In the Mountains
IN THE MOUNTAINS
I want to be quiet now.
I crawled up here this morning from the valley like a sick ant,--struggled up to the little house on the mountain side that I
haven't seen since the first August of the war, and dropped down on the grass outside it, too tired even to be able to
thank God that I had got home. Here I am once more, come back alone to the house that used to be so f ull of happy life
that its little wooden sides nearly burst with the sound of it. I never could have dreamed that I would come back to it
alone. Five years ago, how rich I was in love; now how poor, how stripped of all I had. Well, it doesn't matter. Nothi ng
matters. I'm too tired. I want to be quiet now. Till I'm not so tired. If only I can be quiet....
Yesterday all day long I lay on the grass in front of the door and watched the white clouds slowly passing one after the
other at long, lazy intervals over the tops of the delphiniums,--the row of delphiniums I planted all those years ago. I
didn't think of anything; I just lay there in the hot sun, blinking up and counting the intervals between one spike being
reached and the next. I was conscious of the colour of the delphiniums, jabbing up stark into the sky, and of how blue
they were; and yet not so blue, so deeply and radiantly blue, as the sky. Behind them was the great basin of space filled
with that other blue of the air, that lovely blue with violet shades in it; for the mountain I am on drops sharply away
from the edge of my tiny terrace-garden, and the whole of the space between it and the mountains opposite brims all
day long with blue and violet light. At night the bottom of the valley looks like water, and the lamps in the little town
lying along it like quivering reflections of the stars.
I wonder why I write about these things. As if I didn't know them! Why do I tell myself in writing what I already so well
know? Don't I know about the mountain, and the brimming cup of blue light? It is because, I suppose, it's lonely to stay
inside oneself. One has to come out and talk. And if there is no one to talk to one imagines someone, as though one
were writing a letter to somebody who loves one, and who will want to know, with the sweet eagerness and solicitude
of love, what one does and what the place one is in looks like. It makes one feel less lonely to think like this,--to write it
down, as if to one's friend who cares. For I'm afraid of loneliness; shiveringly, terribly afraid. I don't mean the ordinary
physical loneliness, for here I am, deliberately travelled away from London to get to it, to its spaciousness and healing. I
mean that awful loneliness of spirit that is the ultimate tragedy of life. When you've got to that, really reached it,
without hope, without escape, you die. You just can't bear it, and you die.
It's queer the urge one has to express oneself, to get one's self into words. If I weren't alo ne I wouldn't write, of course, I
would talk. But nearly everything I wanted to say would be things I couldn't say. Not unless it was to some wonderful,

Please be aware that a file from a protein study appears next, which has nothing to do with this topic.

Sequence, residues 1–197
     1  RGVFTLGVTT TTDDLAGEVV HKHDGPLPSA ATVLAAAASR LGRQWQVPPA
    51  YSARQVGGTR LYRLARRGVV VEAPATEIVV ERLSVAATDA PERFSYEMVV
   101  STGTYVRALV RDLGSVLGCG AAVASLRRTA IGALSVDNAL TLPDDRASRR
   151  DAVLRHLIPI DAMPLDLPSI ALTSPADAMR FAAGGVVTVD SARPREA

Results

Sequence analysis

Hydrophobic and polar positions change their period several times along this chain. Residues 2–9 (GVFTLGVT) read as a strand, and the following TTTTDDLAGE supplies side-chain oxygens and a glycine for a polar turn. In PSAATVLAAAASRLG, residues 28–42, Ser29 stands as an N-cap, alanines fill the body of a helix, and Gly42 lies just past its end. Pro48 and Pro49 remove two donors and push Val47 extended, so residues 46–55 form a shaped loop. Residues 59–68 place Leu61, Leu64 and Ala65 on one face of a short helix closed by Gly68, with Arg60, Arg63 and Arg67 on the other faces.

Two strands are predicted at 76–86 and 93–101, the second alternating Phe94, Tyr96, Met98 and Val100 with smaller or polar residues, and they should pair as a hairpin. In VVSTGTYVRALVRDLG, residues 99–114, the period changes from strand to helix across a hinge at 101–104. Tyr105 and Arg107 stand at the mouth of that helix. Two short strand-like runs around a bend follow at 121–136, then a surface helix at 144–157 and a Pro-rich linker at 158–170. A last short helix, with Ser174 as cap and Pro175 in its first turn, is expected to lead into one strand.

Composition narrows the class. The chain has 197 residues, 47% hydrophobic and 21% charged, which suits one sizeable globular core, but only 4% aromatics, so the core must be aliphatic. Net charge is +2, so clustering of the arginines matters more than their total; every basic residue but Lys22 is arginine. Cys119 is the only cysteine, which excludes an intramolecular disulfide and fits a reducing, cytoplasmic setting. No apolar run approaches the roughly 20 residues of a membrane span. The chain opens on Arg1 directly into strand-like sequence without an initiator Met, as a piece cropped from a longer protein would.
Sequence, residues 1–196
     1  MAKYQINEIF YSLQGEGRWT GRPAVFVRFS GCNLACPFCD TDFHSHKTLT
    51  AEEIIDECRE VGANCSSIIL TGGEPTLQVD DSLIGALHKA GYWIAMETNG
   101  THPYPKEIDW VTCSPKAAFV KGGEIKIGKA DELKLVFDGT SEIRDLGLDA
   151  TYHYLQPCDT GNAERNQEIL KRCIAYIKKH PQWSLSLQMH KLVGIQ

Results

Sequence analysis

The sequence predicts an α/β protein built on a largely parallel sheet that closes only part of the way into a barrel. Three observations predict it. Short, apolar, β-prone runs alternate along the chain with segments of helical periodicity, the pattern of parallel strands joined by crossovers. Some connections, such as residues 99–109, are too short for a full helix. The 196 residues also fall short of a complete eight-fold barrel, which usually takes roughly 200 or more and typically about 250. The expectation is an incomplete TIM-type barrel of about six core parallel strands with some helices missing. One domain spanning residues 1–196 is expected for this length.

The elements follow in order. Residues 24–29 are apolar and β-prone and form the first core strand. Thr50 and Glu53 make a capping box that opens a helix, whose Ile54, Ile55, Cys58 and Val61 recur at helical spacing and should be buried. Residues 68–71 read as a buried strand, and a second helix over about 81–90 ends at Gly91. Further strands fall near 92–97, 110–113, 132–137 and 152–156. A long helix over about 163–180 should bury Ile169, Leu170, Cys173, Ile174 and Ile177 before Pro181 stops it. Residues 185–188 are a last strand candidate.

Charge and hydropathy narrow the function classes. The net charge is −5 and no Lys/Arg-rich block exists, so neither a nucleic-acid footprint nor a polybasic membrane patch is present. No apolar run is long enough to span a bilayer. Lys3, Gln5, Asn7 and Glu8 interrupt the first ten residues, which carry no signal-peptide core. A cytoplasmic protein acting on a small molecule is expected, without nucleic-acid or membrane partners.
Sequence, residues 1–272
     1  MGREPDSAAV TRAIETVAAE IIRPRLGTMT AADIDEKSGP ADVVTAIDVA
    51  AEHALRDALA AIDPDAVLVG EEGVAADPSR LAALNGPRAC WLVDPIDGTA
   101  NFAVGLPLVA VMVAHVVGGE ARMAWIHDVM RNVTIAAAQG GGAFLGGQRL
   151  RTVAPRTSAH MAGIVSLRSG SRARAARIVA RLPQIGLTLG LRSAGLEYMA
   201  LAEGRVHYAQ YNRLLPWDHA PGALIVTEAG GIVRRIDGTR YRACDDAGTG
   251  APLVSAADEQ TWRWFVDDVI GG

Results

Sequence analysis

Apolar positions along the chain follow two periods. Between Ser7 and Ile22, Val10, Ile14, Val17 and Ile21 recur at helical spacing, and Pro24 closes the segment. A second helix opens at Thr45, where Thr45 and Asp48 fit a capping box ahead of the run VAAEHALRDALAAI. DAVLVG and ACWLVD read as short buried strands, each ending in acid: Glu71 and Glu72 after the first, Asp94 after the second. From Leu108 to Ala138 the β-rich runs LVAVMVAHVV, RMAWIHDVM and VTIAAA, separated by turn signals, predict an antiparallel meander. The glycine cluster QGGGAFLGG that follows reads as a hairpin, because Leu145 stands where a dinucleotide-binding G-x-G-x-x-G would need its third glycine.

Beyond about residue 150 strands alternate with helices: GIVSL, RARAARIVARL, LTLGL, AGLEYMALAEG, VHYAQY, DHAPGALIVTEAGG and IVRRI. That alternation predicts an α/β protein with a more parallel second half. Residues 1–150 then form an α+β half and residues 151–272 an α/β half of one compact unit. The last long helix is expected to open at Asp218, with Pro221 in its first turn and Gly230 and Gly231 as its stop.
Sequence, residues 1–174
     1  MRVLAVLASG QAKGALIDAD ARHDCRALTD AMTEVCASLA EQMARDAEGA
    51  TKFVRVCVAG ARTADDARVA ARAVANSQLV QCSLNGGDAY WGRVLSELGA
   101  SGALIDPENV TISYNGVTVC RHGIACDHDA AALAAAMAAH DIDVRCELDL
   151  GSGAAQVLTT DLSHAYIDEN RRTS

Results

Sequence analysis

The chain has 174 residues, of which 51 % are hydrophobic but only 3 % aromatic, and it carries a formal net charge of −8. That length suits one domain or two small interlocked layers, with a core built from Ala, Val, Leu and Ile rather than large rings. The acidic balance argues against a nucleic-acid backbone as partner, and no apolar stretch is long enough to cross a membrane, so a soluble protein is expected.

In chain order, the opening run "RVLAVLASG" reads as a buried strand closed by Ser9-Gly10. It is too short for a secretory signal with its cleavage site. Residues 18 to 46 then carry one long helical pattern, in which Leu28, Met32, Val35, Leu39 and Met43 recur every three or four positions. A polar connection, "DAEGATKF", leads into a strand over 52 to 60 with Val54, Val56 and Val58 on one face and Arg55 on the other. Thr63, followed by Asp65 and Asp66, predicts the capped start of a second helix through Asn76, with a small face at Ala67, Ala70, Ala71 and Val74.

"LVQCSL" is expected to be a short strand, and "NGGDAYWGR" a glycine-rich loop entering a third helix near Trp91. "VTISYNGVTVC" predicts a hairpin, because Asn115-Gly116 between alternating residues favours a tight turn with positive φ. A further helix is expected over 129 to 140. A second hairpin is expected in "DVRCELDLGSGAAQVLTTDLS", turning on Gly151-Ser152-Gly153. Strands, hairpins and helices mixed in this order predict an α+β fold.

perfect, all-understanding listener,--the sort one used to imagine God was in the days when one said prayers. Not quite
like God though either, for this listener would sometimes say something kind and gentle, and sometimes, stroke one's
hand a little to show that he understood. Physically, it is most blessed to be alone. After all that has happened, it is m ost
blessed. Perhaps I shall grow well here, alone. Perhaps just sitting on these honey-scented grass slopes will gradually
heal me. I'll sit and lick my wounds. I do so dreadfully want to get mended! I do so dreadfully want to get back to
confidence in goodness.
For three days now I've done nothing but lie in the sun, except when meals are put in the open doorway for me. Then I
get up reluctantly, like some sleepy animal, and go and eat them and come out again.
In the evening it is too cold and dewy here for the grass, so I drag a deep chair into the doorway and sit and stare at the
darkening sky and the brightening stars. At ten o'clock Antoine, the man of all work who has looked after the house in its
years of silence during the war, shuts up everything except this door and withdraws to his own room and his wife; and
presently I go in too, bolting the door behind me, though there is nothing really to shut out except the great night, and I
creep upstairs and fall asleep the minute I'm in bed. Indeed, I don't think I'm much more awake in the day than in the
night. I'm so tired that I want to sleep and sleep; for years and years; forever and ever.
There was no unpacking to do. Everything was here as I left it five years ago. We only took, five years ago, what each
could carry, waving goodbye to the house at the bend of the path and calling to it as the German soldiers called to their
disappearing homes, 'Back for Christmas!' So that I came again to it with only what I could carry, and had noth ing to
unpack. All I had to do was to drop my little bag on the first chair I found and myself on to the grass, and in that position
we both stayed till bedtime.